Tag - Storage Engine

Experimental Build of MyRocks with Percona Server for MySQL

MyRocks with Percona Server for MySQL

We have been working on bringing out a build of MyRocks with Percona Server for MySQL.
MyRocks is a RocksDB-based storage engine. You can find more information about MyRocks here.
While there is still a lot of work to do, I want to share an experimental build of Percona Server for MySQL with MyRocks, which you […]

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New MariaDB Dashboard in Percona Monitoring and Management Metrics Monitor

MariaDB

In honor of the upcoming MariaDB M17 conference in New York City on April 11-12, we have enhanced Percona Monitoring and Management (PMM) Metrics Monitor with a new MariaDB Dashboard and multiple new graphs!
The Percona Monitoring and Management MariaDB Dashboard builds on the efforts of the MariaDB development team to instrument the Aria Storage Engine Status Variables related […]

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Migrating MongoDB Away from MMAPv1

MMAPv1

This is another post in the series of blogs on the Percona Server for MongoDB 3.4 bundle release. In this blog post, we’ll discuss moving away from the MMAPv1 storage engine.
Introduction
WIth the MongoDB v3.0 release in February of 2015, the long-awaited ability to choose storage engines became a reality. As of version 3.0, you […]

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Introduction into storage engine troubleshooting: Q & A

Overlooked MySQL performance optimization

In this blog, I will provide answers to the Q & A for the “Introduction into storage engine troubleshooting” webinar.
First, I want to thank everybody for attending the July 14 webinar. The recording and slides for the webinar are available here. Below is the list of your questions that I wasn’t able to answer […]

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MongoDB revs you up: What storage engine is right for you? (Part 4)

MongoDB

Differentiating Between MongoDB Storage Engines: PerconaFT
In this series of posts, we discussed what a storage engine is, and how you can determine the characteristics of one versus the other:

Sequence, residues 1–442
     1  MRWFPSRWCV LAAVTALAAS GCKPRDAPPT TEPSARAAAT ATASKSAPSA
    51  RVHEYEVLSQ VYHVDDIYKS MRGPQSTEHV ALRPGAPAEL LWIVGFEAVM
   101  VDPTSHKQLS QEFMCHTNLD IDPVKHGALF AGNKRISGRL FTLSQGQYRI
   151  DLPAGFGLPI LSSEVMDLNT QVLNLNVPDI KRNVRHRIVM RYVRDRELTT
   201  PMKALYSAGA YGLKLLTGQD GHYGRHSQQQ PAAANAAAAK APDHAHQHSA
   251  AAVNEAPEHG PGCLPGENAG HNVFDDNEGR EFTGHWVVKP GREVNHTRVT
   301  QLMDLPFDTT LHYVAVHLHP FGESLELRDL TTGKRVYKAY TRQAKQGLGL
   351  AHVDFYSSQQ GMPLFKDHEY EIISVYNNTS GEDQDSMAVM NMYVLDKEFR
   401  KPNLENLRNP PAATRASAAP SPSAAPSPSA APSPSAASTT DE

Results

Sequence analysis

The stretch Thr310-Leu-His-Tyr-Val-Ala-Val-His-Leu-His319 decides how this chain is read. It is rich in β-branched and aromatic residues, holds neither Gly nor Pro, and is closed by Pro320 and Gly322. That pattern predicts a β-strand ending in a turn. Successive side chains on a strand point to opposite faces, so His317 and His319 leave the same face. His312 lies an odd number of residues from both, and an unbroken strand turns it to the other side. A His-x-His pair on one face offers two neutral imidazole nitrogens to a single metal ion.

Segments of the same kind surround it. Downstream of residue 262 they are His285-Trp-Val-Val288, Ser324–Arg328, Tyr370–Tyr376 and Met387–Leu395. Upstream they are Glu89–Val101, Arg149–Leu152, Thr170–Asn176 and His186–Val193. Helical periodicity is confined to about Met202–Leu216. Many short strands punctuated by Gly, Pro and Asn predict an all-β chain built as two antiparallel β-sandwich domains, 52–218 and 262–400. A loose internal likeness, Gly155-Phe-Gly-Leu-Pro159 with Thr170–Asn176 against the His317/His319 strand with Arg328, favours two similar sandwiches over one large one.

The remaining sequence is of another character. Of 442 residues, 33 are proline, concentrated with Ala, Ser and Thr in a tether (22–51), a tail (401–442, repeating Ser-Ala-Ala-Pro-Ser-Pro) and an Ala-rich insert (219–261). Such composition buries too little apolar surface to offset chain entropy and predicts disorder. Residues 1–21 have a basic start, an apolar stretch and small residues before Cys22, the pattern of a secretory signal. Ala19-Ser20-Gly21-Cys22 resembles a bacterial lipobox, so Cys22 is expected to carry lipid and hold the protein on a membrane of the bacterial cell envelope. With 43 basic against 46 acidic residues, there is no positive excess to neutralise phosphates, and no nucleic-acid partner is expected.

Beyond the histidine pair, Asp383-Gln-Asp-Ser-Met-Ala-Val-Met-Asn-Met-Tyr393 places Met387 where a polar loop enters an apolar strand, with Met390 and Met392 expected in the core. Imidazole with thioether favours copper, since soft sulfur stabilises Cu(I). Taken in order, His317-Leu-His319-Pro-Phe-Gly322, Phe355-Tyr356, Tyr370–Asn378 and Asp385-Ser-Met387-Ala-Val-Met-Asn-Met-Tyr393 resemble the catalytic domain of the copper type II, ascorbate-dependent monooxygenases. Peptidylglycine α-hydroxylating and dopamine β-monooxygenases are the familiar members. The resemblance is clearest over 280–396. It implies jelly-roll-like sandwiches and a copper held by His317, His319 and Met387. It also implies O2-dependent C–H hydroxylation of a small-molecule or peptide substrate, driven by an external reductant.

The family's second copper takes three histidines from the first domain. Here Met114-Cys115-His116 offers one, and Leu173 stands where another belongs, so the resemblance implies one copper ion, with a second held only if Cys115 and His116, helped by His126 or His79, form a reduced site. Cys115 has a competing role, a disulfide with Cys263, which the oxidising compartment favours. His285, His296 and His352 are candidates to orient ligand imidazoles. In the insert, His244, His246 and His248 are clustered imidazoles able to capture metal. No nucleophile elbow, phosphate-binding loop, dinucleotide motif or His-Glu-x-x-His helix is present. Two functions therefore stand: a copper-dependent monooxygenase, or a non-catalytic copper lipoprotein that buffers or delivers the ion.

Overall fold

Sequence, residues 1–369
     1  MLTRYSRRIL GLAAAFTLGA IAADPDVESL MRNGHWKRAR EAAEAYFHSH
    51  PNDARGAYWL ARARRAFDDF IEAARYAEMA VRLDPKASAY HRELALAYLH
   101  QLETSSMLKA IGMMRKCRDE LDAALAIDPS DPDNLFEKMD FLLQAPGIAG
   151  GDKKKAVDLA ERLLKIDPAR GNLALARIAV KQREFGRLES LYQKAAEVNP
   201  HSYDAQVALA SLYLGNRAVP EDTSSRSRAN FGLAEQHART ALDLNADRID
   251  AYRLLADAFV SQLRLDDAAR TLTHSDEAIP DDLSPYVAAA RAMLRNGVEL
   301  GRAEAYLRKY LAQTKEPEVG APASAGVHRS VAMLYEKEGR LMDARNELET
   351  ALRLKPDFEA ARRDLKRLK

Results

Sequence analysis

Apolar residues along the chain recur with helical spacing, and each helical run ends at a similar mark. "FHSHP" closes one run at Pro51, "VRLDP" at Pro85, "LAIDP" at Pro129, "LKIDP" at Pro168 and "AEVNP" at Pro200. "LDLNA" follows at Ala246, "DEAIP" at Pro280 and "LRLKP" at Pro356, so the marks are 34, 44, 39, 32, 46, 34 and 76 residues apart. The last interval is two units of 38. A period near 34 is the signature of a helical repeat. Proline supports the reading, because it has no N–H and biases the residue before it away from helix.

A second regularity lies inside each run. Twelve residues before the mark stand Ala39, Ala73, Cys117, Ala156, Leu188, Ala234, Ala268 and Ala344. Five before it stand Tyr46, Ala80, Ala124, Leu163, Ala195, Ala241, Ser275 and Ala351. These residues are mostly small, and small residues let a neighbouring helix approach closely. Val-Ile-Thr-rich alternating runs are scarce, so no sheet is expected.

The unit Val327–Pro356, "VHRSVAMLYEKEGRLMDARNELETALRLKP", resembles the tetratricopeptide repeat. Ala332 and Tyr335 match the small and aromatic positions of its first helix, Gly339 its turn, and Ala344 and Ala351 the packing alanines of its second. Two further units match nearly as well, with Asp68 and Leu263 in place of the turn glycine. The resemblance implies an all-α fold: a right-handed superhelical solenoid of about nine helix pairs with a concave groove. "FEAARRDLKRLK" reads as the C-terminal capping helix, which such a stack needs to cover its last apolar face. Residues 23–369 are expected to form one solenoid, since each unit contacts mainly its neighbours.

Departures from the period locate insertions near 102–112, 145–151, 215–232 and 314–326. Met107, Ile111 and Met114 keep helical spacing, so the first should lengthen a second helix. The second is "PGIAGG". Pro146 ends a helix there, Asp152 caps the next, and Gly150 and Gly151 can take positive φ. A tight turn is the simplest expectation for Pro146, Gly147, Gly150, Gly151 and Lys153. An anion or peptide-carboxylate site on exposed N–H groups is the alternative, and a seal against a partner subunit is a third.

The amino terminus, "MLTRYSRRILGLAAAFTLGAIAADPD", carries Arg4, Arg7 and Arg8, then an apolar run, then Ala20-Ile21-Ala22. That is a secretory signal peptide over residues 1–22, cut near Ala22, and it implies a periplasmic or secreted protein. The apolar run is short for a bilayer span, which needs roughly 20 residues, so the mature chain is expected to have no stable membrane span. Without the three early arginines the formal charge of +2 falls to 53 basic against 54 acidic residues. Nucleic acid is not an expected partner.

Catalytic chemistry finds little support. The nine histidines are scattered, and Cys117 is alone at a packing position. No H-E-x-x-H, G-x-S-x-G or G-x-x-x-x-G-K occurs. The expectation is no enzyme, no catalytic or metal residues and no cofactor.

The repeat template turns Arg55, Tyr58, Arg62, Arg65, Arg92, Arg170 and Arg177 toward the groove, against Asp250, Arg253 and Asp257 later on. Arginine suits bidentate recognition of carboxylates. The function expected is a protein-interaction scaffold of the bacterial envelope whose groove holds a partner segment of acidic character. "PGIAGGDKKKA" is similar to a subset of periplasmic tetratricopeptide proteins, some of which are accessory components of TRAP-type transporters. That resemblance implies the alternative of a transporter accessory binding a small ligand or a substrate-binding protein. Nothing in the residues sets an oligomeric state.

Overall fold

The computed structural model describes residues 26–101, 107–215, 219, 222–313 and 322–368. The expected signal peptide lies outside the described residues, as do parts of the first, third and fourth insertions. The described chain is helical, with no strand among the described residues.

“A database storage engine is the underlying software that a DBMS uses to create, read, update and delete data from a database. The storage engine should be […]

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First TokuMXse performance numbers

UPDATE: Since the publication of this blog post, the first release candidate of TokuMXse was made available for testing. Learn more about v1.0.0.RC.0. In addition, MongoDB has decided to call the release formerly known as v2.8, v3.0.
We’ve been working on TokuMXse for quite some time now. TokuMXse is the MongoDB 2.8 storage engine version of TokuMX that […]

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Testing TokuDB’s Group Commit Algorithm Improvement

The MySQL 5.6 Release has introduced some changes to how two phase commit works and is managed.  In particular, the commit phase of transactions to the binary log is now serialized and this behavior is something we identified fairly immediately.  We implement a group commit algorithm that needed to be altered so that TokuDB’s […]

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Announcing TokuDB v7.5: Read Free Replication

Today we released TokuDB® v7.5, the latest version of Tokutek’s storage engine for MySQL and MariaDB.
I’ll be publishing two blogs next week to go into more details about our new “Read Free Replication”, but here are high level descriptions of the most important new features.

Read Free Replication
TokuDB replication slaves can now be configured to […]

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An Updated Description of Clustering Keys for TokuDB

Covering indexes can result in orders of magnitude performance improvements for queries. Bradley’s presentation on covering indexes describes what a covering index is, how it can effect performance, and why it works. However, the definition of a covering index can get cumbersome since MySQL limits the number of columns in a key to 16 (32 […]

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How to improve InnoDB performance by 55% for write-bound loads

Update: do not do this, this has been proven to corrupt data!
 
During April’s Percona Live MySQL Conference and Expo 2014, I attended a talk on MySQL 5.7 performance an scalability given by Dimitri Kravtchuk, the Oracle MySQL benchmark specialist. He mentioned at some point that the InnoDB double write buffer was a real performance […]

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